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In personal life and in the workplace, you may have noticed the increasingly common conversation surrounding personal pronouns. However, you may still not understand what exactly it all means and why personal pronouns are so important. Keep reading to learn why using correct personal pronouns is a respectful, inclusive and simple choice.

Mypronouns.org explains that using someone's personal pronouns is simply another way to respect someone and create and inclusive environment, much like using a person's desired nickname:

"Just as it can be offensive or even harassing to make up a nickname for someone and call them that nickname against their will, it can be offensive or harassing to guess at someone's pronouns and refer to them using those pronouns if that is not how that person wants to be known. Or, worse, actively choosing to ignore the pronouns someone has stated that they go by could imply the oppressive notion that intersex, transgender, nonbinary, and gender nonconforming people do not or should not exist."

The bottom line: Using correct personal pronouns is about respect and acknowledging a person's identity, and is the right thing to do.

Watch the video below to hear some personal perspectives on the importance of personal pronouns and gender identity:

Now that you understand the "what" behind personal pronouns, you may still be wondering about the "how." Click here for situational examples of pronoun use and here for basic pointers about replacement language to help you avoid making gender assumptions.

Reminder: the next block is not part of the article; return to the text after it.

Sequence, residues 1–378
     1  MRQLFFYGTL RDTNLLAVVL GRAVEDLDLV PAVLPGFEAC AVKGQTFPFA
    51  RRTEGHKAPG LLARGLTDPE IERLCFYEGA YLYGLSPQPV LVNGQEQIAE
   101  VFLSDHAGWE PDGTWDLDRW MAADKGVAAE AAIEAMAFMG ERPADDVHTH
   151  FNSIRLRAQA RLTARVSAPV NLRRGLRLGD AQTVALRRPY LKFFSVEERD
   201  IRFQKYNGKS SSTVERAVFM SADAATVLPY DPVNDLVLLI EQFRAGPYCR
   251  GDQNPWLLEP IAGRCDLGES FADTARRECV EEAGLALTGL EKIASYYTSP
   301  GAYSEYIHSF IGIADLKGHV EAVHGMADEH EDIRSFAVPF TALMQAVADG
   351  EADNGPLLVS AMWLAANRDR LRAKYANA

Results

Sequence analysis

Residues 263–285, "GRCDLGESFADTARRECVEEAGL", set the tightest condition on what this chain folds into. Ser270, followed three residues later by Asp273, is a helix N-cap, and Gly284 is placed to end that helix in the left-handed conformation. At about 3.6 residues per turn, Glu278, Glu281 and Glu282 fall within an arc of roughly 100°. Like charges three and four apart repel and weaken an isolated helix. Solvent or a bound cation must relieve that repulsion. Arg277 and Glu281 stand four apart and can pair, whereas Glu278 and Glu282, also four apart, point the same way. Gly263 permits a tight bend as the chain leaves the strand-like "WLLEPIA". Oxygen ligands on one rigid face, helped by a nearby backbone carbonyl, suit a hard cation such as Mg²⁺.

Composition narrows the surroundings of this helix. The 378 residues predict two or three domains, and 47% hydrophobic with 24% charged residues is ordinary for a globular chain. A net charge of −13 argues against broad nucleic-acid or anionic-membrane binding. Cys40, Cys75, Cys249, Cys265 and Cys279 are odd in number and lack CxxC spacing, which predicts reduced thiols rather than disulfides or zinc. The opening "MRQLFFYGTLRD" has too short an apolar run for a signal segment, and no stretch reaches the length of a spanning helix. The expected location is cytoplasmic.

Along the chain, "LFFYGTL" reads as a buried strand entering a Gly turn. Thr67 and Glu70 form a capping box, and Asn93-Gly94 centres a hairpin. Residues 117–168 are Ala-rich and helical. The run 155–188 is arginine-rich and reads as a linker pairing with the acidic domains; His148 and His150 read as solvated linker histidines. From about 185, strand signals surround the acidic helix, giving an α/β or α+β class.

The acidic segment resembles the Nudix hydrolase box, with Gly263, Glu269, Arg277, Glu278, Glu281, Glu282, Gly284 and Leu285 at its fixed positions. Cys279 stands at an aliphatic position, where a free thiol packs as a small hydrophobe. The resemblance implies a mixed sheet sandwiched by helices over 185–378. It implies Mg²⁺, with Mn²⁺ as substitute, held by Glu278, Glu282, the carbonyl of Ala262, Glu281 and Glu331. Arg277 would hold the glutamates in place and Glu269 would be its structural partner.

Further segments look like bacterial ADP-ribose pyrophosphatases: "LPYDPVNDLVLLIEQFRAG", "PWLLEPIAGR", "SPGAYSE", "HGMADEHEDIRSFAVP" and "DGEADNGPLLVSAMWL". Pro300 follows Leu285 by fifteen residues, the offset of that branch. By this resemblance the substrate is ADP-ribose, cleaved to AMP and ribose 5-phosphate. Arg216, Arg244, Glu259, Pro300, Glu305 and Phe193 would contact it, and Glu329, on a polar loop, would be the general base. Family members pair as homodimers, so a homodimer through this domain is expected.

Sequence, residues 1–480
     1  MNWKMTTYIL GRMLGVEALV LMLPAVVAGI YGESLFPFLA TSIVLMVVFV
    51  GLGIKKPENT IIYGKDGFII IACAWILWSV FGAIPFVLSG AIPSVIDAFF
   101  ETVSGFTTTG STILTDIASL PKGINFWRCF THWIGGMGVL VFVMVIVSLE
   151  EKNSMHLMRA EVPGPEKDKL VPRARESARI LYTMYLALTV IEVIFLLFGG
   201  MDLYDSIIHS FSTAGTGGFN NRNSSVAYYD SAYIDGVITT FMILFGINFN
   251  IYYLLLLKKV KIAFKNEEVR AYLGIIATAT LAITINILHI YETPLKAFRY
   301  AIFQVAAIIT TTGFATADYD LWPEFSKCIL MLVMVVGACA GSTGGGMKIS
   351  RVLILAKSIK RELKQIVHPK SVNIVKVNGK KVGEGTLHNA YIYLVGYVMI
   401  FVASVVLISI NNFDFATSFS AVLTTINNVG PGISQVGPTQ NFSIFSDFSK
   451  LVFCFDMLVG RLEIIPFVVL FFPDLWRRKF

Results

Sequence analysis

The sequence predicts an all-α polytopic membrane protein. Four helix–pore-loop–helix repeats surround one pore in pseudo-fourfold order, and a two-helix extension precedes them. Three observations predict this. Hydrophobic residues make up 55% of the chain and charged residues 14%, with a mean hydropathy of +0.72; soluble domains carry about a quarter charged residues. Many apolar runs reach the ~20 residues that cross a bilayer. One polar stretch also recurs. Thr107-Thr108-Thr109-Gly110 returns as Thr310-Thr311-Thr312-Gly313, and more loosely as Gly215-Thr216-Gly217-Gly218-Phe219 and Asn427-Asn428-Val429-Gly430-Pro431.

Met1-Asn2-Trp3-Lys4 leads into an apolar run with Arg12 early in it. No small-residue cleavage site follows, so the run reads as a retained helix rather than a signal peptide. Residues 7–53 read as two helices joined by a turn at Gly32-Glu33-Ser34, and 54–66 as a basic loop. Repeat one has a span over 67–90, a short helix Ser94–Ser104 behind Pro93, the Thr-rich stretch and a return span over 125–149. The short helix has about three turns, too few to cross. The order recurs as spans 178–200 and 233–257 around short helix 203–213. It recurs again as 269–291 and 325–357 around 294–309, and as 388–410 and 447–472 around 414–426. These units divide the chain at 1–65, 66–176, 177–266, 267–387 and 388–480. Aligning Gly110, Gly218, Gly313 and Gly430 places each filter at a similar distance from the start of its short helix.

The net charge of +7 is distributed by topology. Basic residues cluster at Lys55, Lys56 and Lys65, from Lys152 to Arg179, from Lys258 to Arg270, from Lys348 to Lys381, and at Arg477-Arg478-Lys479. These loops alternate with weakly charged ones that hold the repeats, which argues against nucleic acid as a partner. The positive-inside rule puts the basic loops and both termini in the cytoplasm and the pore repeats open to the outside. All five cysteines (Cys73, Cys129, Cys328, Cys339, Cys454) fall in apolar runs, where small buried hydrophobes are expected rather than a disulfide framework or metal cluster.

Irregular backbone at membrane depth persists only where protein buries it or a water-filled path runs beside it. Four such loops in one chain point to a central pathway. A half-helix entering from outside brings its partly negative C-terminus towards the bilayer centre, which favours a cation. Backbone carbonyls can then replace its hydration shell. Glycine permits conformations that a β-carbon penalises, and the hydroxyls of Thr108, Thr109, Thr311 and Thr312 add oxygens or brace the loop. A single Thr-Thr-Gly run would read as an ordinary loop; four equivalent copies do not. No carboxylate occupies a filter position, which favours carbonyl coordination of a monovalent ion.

Just as we'd incorporate these practices in our daily lives, we should also work to make our workplaces as inclusive and safe as possible. Consider the following steps to begin to make that a reality:

  • Normalize sharing personal pronouns upon meeting someone. This could be done by saying, "Hi, my name is Jane and my pronouns are 'she/her/hers.'" Click here to learn more about asking someone else about their personal pronouns.
  • Be ready to speak up. If you or someone you know is being misgendered, don't be afraid to say something. Even if the misgendered language was an accident, it's still a big deal and shouldn't be ignored.
  • Allow employees the option to add their personal pronouns to their email signatures and business cards. This helps whoever they're conversing with know right off the bat the way they should be addressed.

In addition to normalizing the conversation around personal pronoun usage, Harvard Business Review offered some additional insight for creating a trans-inclusive workplace:

1. Adopt basic trans-inclusive policies. This could include bathroom access and dress codes.
2. Support gender transitions. This could include listening to and collaborating with employees about what matters most to them during their transition (which is a process, not a singular event).
3. Develop trans-specific diversity training. Article authors recommend that these trainings include contact with those who identify along the trans identity spectrum, and help cisgender employees develop the skills to become informal champions of their transgender colleagues.

Read more about using personal pronouns and why it's important by visiting mypronouns.org.

Written by Sarah Suydam, Managing Editor for Groups Today.

 

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